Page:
The Iron Pen #90
"...graven with an iron pen and lead..." Job 19:24
Pastor David L. Brown, Ph.D.
God & Country
I doubt if any of the readers of this Gospel paper will recognize the name Samuel Francis Smith. Smith was a Baptist preacher and poet. He was born in 1808 and went home to be with the Lord in 1895. He graduated from Harvard, in the same class with Oliver Wendell Holmes and then continued on to complete his seminary training. He was then ordained as a Baptist minister and ultimately became the professor of modern languages at Waterville College.
In 1832, when he was a 23-year-old seminary student, Samuel was inspired after hearing the national anthems of England, Sweden and Russia. Within a half hour he wrote the famous patriotic hymn My Country ‘Tis of Thee…
"My Country ‘tis of thee, Sweet land of liberty, Of thee I sing; Land where my fathers died, Land of the Pilgrim’s pride, From every mountainside, Let freedom ring."
The fourth verse proclaims: "Our fathers’ God, to thee, Author of liberty, To Thee we sing; Long may our land be bright, With freedom’s holy light: Protect us by Thy might, Great God, our King."(Adapted from America’s God and Country by William J. Federer)
Three Biblical Principles To Practice In Your Marriage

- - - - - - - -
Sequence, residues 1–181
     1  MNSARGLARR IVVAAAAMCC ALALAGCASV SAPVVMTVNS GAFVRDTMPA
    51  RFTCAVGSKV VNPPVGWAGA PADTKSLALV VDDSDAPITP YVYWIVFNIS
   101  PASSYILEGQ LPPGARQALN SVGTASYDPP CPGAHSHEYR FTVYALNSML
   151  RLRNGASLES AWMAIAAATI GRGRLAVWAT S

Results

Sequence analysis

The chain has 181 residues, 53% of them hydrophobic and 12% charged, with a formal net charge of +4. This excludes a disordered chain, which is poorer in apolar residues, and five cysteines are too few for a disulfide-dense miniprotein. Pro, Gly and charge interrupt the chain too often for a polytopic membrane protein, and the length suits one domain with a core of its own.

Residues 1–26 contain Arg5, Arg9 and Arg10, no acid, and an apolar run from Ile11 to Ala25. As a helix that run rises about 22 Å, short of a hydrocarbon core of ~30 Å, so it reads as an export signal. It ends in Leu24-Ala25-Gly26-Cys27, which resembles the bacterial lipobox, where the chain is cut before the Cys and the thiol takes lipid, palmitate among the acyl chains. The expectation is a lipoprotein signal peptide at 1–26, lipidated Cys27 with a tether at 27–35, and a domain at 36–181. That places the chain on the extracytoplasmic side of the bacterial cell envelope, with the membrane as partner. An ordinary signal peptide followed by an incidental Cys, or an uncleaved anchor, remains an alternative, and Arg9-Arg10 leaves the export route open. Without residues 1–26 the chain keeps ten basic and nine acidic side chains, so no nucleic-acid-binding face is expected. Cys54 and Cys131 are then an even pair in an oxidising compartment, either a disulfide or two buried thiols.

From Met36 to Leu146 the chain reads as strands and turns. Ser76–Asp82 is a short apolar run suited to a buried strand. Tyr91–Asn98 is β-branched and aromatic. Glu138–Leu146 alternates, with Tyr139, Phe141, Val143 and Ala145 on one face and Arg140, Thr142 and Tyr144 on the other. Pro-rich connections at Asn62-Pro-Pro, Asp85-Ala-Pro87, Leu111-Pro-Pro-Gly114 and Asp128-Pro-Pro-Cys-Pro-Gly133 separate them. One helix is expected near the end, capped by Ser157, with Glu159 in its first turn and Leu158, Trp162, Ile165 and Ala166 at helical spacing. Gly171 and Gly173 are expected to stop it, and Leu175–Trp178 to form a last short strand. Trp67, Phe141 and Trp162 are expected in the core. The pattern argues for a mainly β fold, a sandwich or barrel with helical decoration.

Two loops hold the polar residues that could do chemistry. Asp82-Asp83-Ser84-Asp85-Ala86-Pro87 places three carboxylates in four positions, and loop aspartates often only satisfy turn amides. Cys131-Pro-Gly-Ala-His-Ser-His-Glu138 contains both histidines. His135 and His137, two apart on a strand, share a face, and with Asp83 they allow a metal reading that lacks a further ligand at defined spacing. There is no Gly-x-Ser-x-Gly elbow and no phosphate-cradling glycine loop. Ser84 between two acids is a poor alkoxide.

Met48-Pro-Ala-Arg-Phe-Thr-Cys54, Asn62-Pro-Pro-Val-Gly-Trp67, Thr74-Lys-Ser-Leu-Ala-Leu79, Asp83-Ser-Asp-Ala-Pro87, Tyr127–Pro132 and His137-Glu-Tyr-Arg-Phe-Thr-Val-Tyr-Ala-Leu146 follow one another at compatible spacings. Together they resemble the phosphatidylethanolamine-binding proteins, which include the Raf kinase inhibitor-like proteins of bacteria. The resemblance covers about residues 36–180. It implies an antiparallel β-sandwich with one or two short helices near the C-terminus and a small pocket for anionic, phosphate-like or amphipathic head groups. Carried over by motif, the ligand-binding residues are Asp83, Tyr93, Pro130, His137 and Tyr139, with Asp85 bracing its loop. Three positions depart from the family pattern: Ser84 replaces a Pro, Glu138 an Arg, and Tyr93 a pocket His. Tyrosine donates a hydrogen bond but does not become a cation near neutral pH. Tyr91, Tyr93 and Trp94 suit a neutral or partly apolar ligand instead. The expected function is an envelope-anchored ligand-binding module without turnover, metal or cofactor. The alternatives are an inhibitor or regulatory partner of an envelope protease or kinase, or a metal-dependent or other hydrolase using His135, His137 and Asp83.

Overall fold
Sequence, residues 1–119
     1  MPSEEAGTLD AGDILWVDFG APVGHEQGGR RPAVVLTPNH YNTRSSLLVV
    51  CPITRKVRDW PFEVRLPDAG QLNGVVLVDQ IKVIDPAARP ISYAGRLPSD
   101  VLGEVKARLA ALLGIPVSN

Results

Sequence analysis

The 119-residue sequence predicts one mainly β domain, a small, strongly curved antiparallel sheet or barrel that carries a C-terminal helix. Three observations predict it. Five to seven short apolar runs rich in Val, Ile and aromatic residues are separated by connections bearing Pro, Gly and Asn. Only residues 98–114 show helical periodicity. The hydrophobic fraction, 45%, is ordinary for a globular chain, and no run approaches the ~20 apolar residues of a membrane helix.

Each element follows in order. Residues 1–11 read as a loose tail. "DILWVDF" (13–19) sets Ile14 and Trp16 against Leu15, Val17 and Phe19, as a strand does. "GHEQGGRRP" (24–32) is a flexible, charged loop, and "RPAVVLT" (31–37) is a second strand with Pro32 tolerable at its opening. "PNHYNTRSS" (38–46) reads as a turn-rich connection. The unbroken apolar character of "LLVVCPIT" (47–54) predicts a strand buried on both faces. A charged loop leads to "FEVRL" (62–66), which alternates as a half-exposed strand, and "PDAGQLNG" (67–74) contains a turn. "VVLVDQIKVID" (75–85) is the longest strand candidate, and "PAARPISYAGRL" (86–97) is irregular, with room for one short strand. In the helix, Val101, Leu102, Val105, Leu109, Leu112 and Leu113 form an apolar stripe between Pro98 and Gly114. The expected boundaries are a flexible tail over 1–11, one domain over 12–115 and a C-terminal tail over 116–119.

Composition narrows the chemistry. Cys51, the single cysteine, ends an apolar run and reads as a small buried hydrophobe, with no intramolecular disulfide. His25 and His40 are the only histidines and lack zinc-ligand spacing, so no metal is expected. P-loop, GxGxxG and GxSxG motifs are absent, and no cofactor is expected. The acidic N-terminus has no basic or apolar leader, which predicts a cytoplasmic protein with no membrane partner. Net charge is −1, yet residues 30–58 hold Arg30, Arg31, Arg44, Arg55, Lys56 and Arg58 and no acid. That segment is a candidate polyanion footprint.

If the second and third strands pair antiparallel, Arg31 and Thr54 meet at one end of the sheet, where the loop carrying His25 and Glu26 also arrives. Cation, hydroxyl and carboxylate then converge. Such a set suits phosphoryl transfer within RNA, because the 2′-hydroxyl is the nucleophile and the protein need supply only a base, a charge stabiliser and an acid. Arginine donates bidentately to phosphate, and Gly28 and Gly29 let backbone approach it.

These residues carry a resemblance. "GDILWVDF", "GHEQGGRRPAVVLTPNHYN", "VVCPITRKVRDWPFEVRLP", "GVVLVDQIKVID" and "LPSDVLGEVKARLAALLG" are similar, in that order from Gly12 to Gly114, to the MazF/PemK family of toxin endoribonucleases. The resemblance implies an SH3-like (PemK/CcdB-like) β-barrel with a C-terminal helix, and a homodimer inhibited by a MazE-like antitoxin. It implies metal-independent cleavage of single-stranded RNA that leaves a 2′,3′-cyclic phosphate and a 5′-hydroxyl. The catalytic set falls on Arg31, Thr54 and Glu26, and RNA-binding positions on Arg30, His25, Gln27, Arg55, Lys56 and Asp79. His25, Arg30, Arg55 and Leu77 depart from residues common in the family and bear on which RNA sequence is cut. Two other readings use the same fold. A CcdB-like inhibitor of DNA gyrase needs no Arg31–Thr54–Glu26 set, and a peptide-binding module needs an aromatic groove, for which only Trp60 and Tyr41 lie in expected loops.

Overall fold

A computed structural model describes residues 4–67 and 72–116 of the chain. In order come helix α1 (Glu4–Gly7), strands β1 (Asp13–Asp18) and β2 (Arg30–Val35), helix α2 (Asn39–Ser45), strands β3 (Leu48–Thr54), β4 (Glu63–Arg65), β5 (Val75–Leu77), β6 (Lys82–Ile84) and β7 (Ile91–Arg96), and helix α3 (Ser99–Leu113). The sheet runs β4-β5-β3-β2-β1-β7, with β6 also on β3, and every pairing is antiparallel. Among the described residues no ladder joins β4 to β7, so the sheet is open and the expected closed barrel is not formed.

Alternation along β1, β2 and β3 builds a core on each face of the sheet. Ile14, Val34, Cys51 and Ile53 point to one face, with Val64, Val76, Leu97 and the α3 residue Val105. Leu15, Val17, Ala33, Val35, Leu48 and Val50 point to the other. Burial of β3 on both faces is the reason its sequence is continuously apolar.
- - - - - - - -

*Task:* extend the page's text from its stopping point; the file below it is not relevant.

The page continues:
David L. Brown, Ph.D.
Our text is Ephesians 4:32 "And be ye kind one to another, tenderhearted, forgiving one another, even as God for Christ's sake hath forgiven you."
Kind is a translation of a Greek word, which means pleasant as opposed to being harsh, sharp, or bitter. It refers to a person, who is good-natured, and willing to help others.
We seldom use the word tenderhearted today. The word describes a person who is understanding and inclined to show mercy. Compassionate would be a synonym. Further, it might also help you to understand tenderhearted if I told you what the antonym is…hardhearted. To be hardhearted is to be insensitive and calloused to those in distress. It is to be merciless, cruel and severe when dealing with the distresses and difficulties of others.
Be tenderhearted, not hardhearted!
Forgiveness is, choosing to pardon, remit, or overlook the mistake, fault, offense, hurt or injury of the offender without demanding, a penalty, punishment or retribution, and then treating the offender as not guilty.
If a marriage is to remain healthy, there must be the generous
application of the balm of kindness and tenderheartedness as well as a
copious dispensing of forgiveness.